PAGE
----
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Sunday, January 22, 2012

More on What the Heck is Down Welling Long Wave Radiation

Probably the most misunderstood perception of mine and many others in the Climate Change debate is the concept of Down Welling radiation or back radiation caused by the greenhouse effect. Per the second law of thermodynamics, heat flows from warm to cold. In truth, NET heat flows from warm to cold, so a colder body cannot physically warm a warmer body. The colder body can reduce the rate of cooling of the warmer body so that it would be warmer than if the colder body were not there.

Some people tend to get carried away trying to tweak the second law by stating that a photon traveling in a random direction can be absorbed by a warmer body after being emitted by a colder body. Quite true, but in the process, the colder body would absorb more photons from the warmer body, because the warmer body is emitting more directionally random photons. Net flow will be from warmer to colder, period.

On the surface of the Earth, photons from the colder sky do impact the surface on rare occasion. More frequently they impact molecules closer to their physical location and temperature. Since the sky has a temperature, it emits photons and a large percentage of those photons travel toward the warmer surface. That direction of travel is called Down Welling Long Wave Radiation (DWLR), but where that DWLR impacts changes with atmospheric conditions.

Why many disagree or misunderstand my perception of DWLR, is the result of my choice of a thermodynamic frame of reference. I live on the surface, the surface is my frame of reference. So how can this be controversial?

The base line for determining the magnitude of Greenhouse Effect (GHE) is an Earth with no Greenhouse Gases (GHGs). That thought experiment Earth still has an atmosphere and still has an albedo, or reflection of incoming solar energy. My visualization of that Earth is a semi-solid sphere surrounded by a more fluid atmosphere. Since there is no GHE, both the surface and the atmosphere would emit radiation, only less of the surface radiation would be absorbed by the atmosphere. The atmosphere, which would have a high viscosity since its rate of radiant cooling would be lower than the surface, would be nearly isothermal or approximately the same temperature at every level due to conductive heat transfer from the surface to the atmosphere.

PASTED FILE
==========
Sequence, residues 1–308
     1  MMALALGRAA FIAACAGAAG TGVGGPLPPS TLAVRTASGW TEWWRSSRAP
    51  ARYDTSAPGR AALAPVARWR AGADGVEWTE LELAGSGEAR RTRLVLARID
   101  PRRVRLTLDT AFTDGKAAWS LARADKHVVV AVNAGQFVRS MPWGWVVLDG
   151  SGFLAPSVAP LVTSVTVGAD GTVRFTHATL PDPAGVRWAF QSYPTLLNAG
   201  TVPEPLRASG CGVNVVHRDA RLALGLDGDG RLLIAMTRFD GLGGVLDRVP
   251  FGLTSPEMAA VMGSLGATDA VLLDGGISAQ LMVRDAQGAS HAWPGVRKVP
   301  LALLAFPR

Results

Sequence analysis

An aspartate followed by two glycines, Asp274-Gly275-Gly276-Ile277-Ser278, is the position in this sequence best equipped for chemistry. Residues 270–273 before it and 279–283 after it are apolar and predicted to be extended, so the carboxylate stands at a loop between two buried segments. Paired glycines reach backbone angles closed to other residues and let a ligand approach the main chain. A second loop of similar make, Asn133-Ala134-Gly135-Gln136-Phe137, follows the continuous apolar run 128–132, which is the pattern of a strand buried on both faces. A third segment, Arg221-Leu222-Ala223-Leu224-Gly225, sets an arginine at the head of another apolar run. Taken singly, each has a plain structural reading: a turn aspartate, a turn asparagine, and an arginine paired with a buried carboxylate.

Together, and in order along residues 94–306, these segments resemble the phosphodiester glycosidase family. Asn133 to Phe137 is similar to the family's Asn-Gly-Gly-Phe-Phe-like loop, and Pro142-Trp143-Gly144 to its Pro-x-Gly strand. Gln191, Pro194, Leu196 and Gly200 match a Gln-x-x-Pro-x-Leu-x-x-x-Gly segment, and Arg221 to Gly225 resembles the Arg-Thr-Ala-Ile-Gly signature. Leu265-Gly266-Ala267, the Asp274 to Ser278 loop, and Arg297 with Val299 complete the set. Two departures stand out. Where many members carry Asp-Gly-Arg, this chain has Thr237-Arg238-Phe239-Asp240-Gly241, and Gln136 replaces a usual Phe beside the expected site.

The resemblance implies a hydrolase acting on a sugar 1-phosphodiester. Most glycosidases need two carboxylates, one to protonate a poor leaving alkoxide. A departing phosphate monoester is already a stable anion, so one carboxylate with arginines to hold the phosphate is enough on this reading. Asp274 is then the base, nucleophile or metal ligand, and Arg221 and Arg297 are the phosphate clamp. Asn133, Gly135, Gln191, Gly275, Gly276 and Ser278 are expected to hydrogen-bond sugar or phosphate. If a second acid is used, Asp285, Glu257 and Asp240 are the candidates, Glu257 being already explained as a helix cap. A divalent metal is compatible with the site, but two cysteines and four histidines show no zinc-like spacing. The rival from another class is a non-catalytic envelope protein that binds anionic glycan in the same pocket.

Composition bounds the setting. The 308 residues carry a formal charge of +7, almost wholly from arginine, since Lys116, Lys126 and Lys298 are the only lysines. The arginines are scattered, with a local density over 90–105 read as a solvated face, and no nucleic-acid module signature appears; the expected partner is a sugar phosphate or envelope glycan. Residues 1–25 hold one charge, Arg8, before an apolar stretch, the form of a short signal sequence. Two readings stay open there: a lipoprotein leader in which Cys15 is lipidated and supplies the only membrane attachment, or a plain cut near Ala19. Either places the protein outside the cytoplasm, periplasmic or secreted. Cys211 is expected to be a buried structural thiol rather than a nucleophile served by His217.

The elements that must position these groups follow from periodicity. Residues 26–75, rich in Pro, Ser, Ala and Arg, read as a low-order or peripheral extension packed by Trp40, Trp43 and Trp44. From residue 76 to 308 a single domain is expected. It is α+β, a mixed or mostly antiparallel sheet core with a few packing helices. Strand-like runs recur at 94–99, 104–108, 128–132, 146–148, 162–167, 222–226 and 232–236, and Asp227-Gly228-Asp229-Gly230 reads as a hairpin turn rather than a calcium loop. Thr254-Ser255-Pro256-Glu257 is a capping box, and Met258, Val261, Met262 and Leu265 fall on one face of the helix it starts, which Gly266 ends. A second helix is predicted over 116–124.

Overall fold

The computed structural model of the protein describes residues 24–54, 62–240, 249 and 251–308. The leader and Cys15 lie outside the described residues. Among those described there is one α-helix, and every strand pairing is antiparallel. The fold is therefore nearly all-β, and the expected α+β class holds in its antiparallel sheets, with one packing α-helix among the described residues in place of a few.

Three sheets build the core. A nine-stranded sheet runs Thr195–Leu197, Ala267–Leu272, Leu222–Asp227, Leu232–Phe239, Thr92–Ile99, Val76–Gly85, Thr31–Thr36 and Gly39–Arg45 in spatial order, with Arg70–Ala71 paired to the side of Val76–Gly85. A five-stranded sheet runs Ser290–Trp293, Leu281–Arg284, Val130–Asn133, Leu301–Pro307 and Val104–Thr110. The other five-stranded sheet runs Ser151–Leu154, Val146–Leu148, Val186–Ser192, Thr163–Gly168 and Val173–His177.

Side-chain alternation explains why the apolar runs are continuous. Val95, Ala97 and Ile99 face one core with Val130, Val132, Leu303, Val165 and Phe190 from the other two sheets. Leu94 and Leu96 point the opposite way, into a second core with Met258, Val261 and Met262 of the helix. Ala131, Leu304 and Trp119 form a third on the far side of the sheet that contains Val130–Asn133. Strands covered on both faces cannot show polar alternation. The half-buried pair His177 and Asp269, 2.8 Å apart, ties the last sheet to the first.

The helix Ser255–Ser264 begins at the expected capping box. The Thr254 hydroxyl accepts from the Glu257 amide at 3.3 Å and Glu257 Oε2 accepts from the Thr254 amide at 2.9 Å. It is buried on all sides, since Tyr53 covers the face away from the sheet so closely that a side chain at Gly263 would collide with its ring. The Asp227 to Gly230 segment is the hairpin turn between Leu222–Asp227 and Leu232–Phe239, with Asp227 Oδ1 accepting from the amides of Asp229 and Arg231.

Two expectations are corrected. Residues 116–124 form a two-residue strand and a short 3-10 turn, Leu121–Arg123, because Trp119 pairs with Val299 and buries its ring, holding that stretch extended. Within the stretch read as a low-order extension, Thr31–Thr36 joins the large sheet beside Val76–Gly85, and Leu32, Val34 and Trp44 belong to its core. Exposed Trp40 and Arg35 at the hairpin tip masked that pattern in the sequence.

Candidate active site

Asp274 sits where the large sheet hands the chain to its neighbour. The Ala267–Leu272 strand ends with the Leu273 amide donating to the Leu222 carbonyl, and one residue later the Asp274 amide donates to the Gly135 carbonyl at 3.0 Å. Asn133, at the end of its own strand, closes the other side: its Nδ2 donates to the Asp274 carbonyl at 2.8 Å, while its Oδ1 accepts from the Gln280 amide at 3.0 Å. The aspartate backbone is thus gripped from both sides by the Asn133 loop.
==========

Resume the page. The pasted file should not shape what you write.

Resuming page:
Standing on the surface of the no GHG Earth, you would measure the same temperature in all directions. That temperature would be approximately 255K degrees, which would emit approximately 240Wm-2 in all directions. That is the no GHE zero DWLR value. If you prefer, the 240Wm-2 would be the background radiation value. That is unique to my frame of reference. A Top of the Atmosphere (TOA) reference would make assumptions that the thickness of the no GHG Earth atmosphere is negligibly small. I disagree.

With GHGs, the surface temperature on average is about 288K degrees with an energy flux of approximately 390Wm-2. The surface impact of the GHE would be 390Wm-2 minus 240Wm-2 or 160Wm-2. Since the source of that DWLR is not the surface, but some point in the atmosphere, the source value of DWLR would be greater than 160Wm-2, if it is indeed a true source of reflected energy averaged over the entire atmosphere. Depending on the altitude of that source of DWLR, the value would vary.

Since the source is likely in the lower atmosphere, near the average mass of the atmosphere, I estimate the average DWLR magnitude as approximately 220Wm-2. That value is based on my estimate of the average emissivity between the surface and that point, 160/220 equals 0.73 or the average emissivity from the DWLR source to the surface. There is no perfect energy transfer, so there will be energy lost in the transfer, if DWLR is a true source of energy.

Since we are comparing a real world to a thought experiment world, the real world values would have to accurately compare to the thought experiment values or there is apples and oranges being mixed.

Many chose a TOA frame of reference. From that perspective, the emissivity is approximately 0.61 which would require, 160/0.61 = 260Wm-2 of GHG produced DWLR or as some seem to think, a nifty power series manipulation to arrive at approximately 330Wm-2 at some point near the TOA.

As long as the demands of the choice of frame of reference are carefully met, either can produce accurate results. Mine, IMHO, is easier to maintain, more flexible and provides more information for the actual surface.

Part of that information is the tropopause temperature. In order to warm the surface, the GHGs would have to cool the tropopause. Increasing the surface temperature by 33C from 255K to 288K would decrease the tropopause from 255K to 222K, which would be approximately -51 C degrees. Which is about the range of the average tropopause temperature after allowing for all the approximations. In order to meet the requirements of conservation of energy, 240Wm-2 of DWLR would be the maximum limit of the GHE. That would be the equivalent of perfect insulation by all GHGs. In order to exceed that limit, the tropopause would have to start warming the stratosphere. While that is possible, the amount of additional GHGs available appear to limit that possibility. That I am working on, what is the realistic limit?

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